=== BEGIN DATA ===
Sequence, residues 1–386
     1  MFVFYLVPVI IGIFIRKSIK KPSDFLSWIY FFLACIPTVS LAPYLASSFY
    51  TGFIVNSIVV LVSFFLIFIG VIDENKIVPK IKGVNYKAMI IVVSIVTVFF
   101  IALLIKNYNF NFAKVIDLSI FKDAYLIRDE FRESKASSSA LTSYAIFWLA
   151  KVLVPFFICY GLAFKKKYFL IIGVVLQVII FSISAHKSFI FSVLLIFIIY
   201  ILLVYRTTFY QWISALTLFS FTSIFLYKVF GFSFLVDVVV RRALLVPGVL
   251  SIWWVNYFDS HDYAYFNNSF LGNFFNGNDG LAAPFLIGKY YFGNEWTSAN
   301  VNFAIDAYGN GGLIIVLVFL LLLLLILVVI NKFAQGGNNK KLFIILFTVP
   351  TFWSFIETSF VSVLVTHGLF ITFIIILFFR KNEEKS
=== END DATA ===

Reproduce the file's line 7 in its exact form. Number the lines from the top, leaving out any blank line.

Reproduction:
   251  SIWWVNYFDS HDYAYFNNSF LGNFFNGNDG LAAPFLIGKY YFGNEWTSAN